Lifting trans people up through technology
TAKING MULTIFACETED TO A WHOLE NEW LEVEL. Many people recognize Angelica Ross as an entertainer and public figure: she is an accomplished speaker, a talented actress and singer (Pose, American Horror Story, Claws), and a passionate human rights advocate focusing on Black liberation around the world especially for Black queer and trans folks. Fewer people might be aware of this dynamic woman’s career in technology and business: Angelica is also an entrepreneur, as the Founder and CEO of TransTech Social Enterprises.
Angelica always had a knack for technology—she is a self-taught programmer, and for a time, she was a self-employed webmaster, photo retoucher, graphic designer, and more. Eventually, after returning home to Wisconsin to provide care to her mother, Angelica got a job at a non-profit that provided career development services to the trans community. “I was initially pumped...initially,” she comments. Ultimately, Angelica found she and her co-workers did not share a vision for uplifting and empowering trans people: “I was instantly tokenized by the white gays, white lesbians, and cis folks. They all had ideas about how to help the trans community, but weren’t listening to the trans community, or even their own [trans] staff,” she explains.
Through this experience, Angelica came to understand the pitfalls of support that is not community-minded: “Sometimes when people want to help others—they mean it, they mean well—but they see the people they want to help as visitors. When you’re seen as a ‘visitor’ and not a part of the community, you can feel it. Right then, I realized that this problem wasn’t going to be solved by people who saw me as a visitor, who didn’t see me as part of their community.” Further, Angelica recognized that her intersectionality—her identity as both a trans female and a woman of color—was critical to her perspective, suggesting that “this wasn’t just about trans people, but also very much about black and brown trans people too. And that meant that a black trans woman needed to kick this stuff off, needed to make it her priority.”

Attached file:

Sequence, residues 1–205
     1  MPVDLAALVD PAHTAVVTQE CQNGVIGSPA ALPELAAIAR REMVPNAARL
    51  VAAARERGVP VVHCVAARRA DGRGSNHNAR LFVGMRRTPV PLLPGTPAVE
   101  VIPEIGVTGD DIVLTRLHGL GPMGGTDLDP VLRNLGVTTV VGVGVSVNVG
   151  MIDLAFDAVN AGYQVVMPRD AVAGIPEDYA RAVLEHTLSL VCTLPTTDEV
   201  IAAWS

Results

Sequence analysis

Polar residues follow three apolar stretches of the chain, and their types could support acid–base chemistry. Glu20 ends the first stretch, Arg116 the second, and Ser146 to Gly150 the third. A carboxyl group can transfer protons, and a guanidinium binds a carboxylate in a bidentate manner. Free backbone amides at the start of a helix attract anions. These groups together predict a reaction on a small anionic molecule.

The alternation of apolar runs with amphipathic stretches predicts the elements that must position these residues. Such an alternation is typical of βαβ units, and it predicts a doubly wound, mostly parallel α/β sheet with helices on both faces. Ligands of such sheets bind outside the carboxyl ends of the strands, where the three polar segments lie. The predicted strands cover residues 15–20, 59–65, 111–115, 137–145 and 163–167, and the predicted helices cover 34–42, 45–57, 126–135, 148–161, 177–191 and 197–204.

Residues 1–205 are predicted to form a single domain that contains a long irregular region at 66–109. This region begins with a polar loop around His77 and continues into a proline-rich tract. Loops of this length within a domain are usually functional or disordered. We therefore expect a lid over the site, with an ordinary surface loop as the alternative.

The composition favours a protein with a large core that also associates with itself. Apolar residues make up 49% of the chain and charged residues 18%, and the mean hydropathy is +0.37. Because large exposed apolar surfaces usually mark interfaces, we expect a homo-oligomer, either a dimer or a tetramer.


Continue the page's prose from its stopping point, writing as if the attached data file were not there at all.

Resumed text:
ACTING AS AN AGENT OF CHANGE. “I fully up and quit my job to start TransTech. No money, on foodstamps, because I was serious. I gave up a salary and refused to be tokenized. When you want to illustrate your own value and create your own lane, you do what you have to do.”
Angelica observes that she was prepared for entrepreneurialism because, like other trans people, adversity and advocacy are part of daily living, noting that “when you’re trans, you have to fight every day and advocate for yourself everyday. There is no book, and there is no map. You have to take your trauma, and then you create trauma-informed care and trauma-informed business models.” She also sees how TransTech Social can uplift and empower her community, noting that “if trans people aren’t given the right tools to engage, they are left behind in a world that often already leaves them behind.”
The power of entrepreneurialism is evident to Angelica. She believes that “entrepreneurs can do more than just make money—they can make changes, they champion ideas, and they can invest in others. They are not just an ecosystem unto themselves and their customers or clients—they are also change agents and activists, if they want to be,” she asserts.
While she will continue to be known as an actor, appearing on American Horror Story and other shows, Angelica remains dedicated to her entrepreneurial projects—in growing TransTech, and launching a new business called My Personal PhD, a model for personal success, Angelica is acting as an agent of change for her community: “I don’t care what kind of resistance I’m going to get—I have moves to make and lives to change. I started first with my own, and now I’m on a mission to do the same for anyone else.”
- Gay Times [Print]: Gay Times Magazine